I RGB'd my toilet, and you should too


(Image credit: Glowbowl)

I don't have a whole lot of RGB on my PC or accessories. My Corsair keyboard glows but I'm mainly about the functionality (I can see the keys when the lights are off in my room) rather than the swirl of colors endlessly parading behind my keys. My PC's fans glow red, but I'd turn that off if I knew how (I should note that I'm too lazy to find out how). Honestly, the only light I actually want on my PC is on the power button, and my case unfortunately doesn't even have a light there.

So RGB isn't really my thing, and last year when I discovered an RGB toilet light I didn't hesitate to make fun of it on our site. This year I spotted a different toilet bowl lighting device, so I included it in our Cyber Monday deals under $50 guide as a joke (the same joke, because remember, I'm lazy).

But then I had a rare moment of honesty with myself. "Hey, this glowing toilet light is actually cool, and I genuinely want it," I decided. So I bought it (it's only $11) and it's now installed on my toilet. And it's great! I now have a Cyberpunk toilet and I'm extremely happy with it. Every time I pee, I'm peeing into the future. I don't just poo, I cyberdump.

The device is, essentially, a motion activated night light. You clip it onto your bowl and point the sensor at the door. It detects movement so when you walk in and it's dark, your toilet begins to glow.

For trips to the bathroom at night, it's much nicer than turning on the light. My Cyberpotty's glow isn't blinding, so it won't mess up my night vision when I'm done and have to walk back to bed through the darkened house. And it's preferable to standing or sitting in the complete darkness, too. (Though while sitting, most of the light is blocked out. By my ass).

Since the light doesn't turn on during the day, and only activates when someone walks into the bathroom in the dark, it'll presumably have a nice long life from the three AAA batteries it runs on (not included).

(Image credit: Chunace)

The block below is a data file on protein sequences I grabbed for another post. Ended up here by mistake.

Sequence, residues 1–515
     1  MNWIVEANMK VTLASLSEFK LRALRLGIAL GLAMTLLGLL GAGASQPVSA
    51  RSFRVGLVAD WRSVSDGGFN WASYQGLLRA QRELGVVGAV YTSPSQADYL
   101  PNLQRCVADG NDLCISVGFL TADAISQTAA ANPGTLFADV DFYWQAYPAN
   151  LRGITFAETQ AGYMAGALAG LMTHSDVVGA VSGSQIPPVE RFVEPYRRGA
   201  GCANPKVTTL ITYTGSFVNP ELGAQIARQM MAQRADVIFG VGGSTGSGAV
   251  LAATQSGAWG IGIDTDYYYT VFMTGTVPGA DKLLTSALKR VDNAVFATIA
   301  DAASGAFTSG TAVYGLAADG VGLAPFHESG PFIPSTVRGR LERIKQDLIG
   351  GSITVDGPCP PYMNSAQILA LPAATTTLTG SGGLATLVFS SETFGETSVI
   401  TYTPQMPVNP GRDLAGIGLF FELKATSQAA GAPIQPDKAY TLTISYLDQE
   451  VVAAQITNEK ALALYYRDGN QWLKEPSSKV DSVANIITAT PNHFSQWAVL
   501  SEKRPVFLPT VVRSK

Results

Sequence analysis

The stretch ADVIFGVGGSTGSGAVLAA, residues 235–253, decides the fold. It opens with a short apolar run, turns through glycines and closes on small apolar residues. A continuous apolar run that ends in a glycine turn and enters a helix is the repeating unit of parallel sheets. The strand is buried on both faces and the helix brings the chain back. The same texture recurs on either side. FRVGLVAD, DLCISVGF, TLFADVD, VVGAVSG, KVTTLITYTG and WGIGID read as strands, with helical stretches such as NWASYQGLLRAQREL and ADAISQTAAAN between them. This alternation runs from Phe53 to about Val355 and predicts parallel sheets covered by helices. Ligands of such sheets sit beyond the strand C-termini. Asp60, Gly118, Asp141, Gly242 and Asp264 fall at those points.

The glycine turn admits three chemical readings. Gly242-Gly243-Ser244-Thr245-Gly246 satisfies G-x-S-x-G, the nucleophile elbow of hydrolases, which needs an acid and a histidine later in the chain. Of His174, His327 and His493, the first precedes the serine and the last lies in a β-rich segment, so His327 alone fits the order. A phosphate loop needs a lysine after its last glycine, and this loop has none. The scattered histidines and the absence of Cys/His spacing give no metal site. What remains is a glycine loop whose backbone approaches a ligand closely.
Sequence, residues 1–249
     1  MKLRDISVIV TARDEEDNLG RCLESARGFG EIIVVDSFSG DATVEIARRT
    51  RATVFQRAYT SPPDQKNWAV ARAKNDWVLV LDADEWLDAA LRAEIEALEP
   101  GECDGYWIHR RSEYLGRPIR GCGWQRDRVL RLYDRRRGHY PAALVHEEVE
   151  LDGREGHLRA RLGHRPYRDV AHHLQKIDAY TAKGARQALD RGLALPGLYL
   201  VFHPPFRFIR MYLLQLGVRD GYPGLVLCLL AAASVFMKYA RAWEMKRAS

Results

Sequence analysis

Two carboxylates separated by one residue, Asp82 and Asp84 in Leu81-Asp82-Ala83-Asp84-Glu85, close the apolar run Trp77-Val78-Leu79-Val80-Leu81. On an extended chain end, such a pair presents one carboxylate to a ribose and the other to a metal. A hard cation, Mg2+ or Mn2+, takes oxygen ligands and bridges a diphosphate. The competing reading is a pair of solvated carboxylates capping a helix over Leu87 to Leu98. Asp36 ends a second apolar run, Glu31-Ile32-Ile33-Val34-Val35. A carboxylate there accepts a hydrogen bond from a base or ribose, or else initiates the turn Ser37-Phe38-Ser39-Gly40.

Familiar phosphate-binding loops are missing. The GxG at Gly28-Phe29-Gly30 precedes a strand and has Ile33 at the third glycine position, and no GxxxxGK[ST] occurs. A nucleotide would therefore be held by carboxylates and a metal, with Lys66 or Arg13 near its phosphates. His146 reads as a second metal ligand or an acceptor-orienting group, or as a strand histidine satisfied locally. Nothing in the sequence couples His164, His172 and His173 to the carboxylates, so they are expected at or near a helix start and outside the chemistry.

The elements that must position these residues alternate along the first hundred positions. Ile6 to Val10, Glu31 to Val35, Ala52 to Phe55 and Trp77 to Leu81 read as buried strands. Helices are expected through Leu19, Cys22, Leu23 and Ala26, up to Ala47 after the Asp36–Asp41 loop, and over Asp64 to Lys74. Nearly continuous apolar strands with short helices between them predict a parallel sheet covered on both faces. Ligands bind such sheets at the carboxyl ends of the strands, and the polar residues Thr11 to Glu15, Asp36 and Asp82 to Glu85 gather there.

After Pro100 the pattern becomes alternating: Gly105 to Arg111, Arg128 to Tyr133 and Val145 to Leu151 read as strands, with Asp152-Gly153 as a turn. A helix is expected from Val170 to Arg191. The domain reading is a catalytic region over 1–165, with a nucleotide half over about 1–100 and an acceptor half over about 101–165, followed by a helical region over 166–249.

There's also a strange comfort to the soft glow of the water. Yes, I realize it is glowing toilet water, but in addition to feeling futuristic there's some sort of nostalgic memory it triggers, too. Maybe I'm dimly recalling the pool at our house growing up that had a light we could turn on at night, which made swimming a sort of magical-feeling experience.

Do I want to swim in my toilet? Not really, but also, kind of?

My new Cyberpotty has some nice options, like the ability to pick one of seven different colors, with several brightness levels for each. You can even set it to alternate colors every few seconds. With the colors alternating, my glowing toilet more reminds me more of Christmas than science fiction, but having a holiday theme when you take a dump isn't such a bad thing, either.

A few downsides to be aware of should you buy this toilet light (which you really should). First, having a light shining inside your toilet is a good way to display how maybe your toilet isn't quite as clean as it really should be. Second, the light turns off pretty quickly once it stops detecting motion, so if you're gonna be sitting there for a while in the dark with a cyberlight shining on your butt, you're gonna need to wave your hand in front of the sensor pretty regularly to keep it turned on. It's sort of like this place I used to work, where the break room had automatic lights, so I'd be eating there alone and the lights would go off and I'd have to wave my arms until the sensor saw me so I could continue eating with the lights on like a real person instead of feeling like a raccoon hurriedly eating some trash in the dark.

I like my glowing toilet. We never got flying cars or hover boards or moon colonies or AI for our houses that welcomed you home and asked about your day. At least my toilet takes me to the future, even if the rest of my house doesn't.

Christopher Livingston
Staff Writer

Chris started playing PC games in the 1980s, started writing about them in the early 2000s, and (finally) started getting paid to write about them in the late 2000s. Following a few years as a regular freelancer, PC Gamer hired him in 2014, probably so he'd stop emailing them asking for more work. Chris has a love-hate relationship with survival games and an unhealthy fascination with the inner lives of NPCs. He's also a fan of offbeat simulation games, mods, and ignoring storylines in RPGs so he can make up his own.